Do grandparents need boundaries? I’ve worked with parents who’ve struggled with this very issue and now that I’m a Nana I am thinking about what kind of a mom and grandma I want to be.
If you are a parent or even a grandparent, these are some boundaries to consider implementing so that relationships stay healthy and extended family conflicts are kept to a minimum. It is up to you as the parents to explain what the boundaries are if you feel your parents are overstepping.
If you are a grandparent and reading this, consider these boundaries for your relationship with your kids and grandkids:
Don’t stop by unannounced. I would say this applies to both parties, grandparents AND grandkids. Let them know you are stopping by and be sure it’s convenient.
Don’t go against the parent’s rules. If grandparents know that something is not allowed by mom and dad, then they should abide by the same rule when they are with the kids, unless they’ve asked the child’s parents for permission. There’s a fine line between “spoiling” grandkids and undermining parental authority.
This includes giving them more screen time than they are allowed or letting them watch movies that their parents would not want them to watch. As caregivers in your grandchildren’s lives, you should all be on the same page about the values that you are trying to instill in them.
Keep a united front. This goes along with not going against the parent’s rules. Be sure you keep a united front with the parents of your grandkids. If you have a concern, talk to them privately, but do not do it in front of the kiddos. And never talk negatively about your grandchildren’s parents to your grandkids.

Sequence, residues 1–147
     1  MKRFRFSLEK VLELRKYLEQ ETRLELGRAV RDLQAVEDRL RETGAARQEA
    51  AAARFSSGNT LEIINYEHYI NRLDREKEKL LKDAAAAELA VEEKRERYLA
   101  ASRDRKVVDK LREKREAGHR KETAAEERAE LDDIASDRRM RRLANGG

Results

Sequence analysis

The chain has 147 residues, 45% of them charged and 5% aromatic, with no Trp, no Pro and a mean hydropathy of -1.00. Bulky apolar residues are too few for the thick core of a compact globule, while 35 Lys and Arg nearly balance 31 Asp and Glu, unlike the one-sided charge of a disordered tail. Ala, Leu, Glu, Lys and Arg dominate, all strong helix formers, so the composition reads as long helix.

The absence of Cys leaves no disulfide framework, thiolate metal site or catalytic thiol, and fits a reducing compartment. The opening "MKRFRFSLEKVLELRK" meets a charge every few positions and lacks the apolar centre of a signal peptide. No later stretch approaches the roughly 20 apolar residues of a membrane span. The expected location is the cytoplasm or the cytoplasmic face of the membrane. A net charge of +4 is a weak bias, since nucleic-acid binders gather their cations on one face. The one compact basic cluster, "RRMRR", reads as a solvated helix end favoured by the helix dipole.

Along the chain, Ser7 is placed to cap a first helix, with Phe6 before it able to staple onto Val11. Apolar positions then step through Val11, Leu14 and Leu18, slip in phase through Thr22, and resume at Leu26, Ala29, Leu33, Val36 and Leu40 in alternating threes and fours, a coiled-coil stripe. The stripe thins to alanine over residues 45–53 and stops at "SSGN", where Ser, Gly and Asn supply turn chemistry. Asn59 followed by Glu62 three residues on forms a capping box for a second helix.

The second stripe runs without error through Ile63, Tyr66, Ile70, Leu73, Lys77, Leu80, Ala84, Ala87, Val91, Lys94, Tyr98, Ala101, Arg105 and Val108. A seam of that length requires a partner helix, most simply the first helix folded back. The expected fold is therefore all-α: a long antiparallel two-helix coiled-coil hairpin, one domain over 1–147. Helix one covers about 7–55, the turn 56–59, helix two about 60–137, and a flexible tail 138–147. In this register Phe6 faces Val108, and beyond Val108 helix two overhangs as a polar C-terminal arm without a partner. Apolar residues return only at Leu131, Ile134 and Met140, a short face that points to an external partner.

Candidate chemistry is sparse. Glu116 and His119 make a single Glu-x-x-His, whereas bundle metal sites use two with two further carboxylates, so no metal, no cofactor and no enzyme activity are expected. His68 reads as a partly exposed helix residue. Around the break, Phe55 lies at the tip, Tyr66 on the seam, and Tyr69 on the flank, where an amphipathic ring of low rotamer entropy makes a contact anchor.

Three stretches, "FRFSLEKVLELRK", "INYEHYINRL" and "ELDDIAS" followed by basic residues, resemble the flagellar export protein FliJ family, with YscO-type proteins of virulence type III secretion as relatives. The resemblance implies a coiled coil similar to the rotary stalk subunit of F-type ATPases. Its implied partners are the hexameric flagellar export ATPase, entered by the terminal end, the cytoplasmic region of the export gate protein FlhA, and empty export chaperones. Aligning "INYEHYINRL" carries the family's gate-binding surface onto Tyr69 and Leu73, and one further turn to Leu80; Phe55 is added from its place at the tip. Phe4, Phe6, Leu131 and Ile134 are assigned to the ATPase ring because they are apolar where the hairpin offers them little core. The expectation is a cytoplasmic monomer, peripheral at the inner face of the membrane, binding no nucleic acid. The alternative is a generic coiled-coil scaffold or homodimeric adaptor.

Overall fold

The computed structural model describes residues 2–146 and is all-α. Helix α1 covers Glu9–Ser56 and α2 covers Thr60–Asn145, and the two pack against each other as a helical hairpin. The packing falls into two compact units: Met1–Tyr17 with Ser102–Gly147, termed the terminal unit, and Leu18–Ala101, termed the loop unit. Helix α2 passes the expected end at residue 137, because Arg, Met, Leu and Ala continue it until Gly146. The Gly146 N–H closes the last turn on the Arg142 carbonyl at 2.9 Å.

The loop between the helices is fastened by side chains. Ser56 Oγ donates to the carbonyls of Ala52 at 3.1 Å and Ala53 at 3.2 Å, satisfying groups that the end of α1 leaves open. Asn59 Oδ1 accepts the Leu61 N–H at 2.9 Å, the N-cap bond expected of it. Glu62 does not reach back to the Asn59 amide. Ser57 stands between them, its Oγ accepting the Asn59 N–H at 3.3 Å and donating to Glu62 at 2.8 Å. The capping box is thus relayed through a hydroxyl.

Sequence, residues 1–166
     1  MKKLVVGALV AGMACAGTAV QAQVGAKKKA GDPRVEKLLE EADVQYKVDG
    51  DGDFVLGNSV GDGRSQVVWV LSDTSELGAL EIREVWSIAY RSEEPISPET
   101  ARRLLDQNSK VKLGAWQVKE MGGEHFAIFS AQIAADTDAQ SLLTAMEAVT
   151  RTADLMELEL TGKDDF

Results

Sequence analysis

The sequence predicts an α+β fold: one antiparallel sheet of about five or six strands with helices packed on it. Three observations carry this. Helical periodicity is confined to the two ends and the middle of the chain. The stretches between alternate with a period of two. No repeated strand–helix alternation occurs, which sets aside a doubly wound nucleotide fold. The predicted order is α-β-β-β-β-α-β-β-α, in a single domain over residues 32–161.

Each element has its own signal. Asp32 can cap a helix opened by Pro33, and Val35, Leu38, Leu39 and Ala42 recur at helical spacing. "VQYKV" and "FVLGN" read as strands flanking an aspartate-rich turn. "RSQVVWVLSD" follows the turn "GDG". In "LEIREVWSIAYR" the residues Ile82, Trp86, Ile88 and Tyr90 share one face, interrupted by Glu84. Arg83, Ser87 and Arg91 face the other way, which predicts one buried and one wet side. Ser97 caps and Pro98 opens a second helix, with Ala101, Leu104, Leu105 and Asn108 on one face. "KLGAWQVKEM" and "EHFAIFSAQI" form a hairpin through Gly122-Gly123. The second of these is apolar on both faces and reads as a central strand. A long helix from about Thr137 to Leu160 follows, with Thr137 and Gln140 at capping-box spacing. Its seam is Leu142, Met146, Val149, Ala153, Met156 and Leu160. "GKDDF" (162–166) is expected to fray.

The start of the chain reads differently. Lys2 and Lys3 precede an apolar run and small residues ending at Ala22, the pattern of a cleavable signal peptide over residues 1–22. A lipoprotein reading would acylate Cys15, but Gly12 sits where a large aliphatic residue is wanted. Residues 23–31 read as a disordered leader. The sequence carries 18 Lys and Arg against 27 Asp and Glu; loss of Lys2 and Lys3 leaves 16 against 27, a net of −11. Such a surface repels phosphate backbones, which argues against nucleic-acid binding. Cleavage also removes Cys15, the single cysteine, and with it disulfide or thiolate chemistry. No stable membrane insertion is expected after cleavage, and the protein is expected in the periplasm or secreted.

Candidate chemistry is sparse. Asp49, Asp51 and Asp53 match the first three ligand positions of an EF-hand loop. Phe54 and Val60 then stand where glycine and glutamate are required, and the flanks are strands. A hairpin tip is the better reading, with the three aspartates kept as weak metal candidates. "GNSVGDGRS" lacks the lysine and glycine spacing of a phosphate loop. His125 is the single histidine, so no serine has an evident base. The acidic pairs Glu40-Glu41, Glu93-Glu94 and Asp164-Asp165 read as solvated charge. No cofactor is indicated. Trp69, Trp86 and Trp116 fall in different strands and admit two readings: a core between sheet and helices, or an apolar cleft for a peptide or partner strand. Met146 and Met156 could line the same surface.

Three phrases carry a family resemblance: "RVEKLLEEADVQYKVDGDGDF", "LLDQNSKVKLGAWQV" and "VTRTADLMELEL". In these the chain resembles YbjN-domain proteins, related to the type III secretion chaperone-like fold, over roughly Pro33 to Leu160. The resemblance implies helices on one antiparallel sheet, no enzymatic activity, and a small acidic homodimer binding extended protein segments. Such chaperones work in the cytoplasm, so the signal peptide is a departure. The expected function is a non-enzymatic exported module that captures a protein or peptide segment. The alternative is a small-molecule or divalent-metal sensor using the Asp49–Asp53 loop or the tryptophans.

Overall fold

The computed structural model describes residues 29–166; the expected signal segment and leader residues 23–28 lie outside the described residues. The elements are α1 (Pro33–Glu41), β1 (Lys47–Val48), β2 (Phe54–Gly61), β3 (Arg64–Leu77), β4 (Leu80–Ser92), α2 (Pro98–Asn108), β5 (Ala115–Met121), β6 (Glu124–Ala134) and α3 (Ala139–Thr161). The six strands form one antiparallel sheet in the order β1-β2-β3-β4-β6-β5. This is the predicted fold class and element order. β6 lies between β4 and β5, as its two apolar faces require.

Be sure your grandparenting aligns with their parenting. If your kids do not spank their children, then neither should you. If your kids don’t drink in front of their kids, then neither should you.
There is an exception to this alignment rule and that is if your kids are parenting in a negative and harmful way. When your grandkids are in your care, you can be sure that you are teaching good behavior and values, even if their parents are not. No need to demean their parents, just let the kids know that “this is how we do things in Nana and Papi’s house.”
Respect your Kids’ Desires for Gift-giving. I plan to ask my daughter and son if they have preferences about Nana bringing gifts.
Many grandparents want to spoil their grandchildren and some can take it so far that it feels like an insult to the parents, as if they are saying “You’re not doing enough” or “You can’t afford this, so I will give it to them.” It’s okay to set spending limits or let grandparents know of items your child wants but you won’t allow them right now.
My grandchildren are still babies, and having a conversation about grandparental boundaries has not come up. But it is one I plan to have with my son and daughter. I will simply ask, “What sort of boundaries would you have for us as grandparents?”
You may not feel the need to have this discussion with your parents if they are not infringing on any of these boundaries, but it’s a good conversation to have anyway. Healthy families have clear boundaries and communicate with clarity. Otherwise, assumptions can lead to misunderstandings and disappointment.
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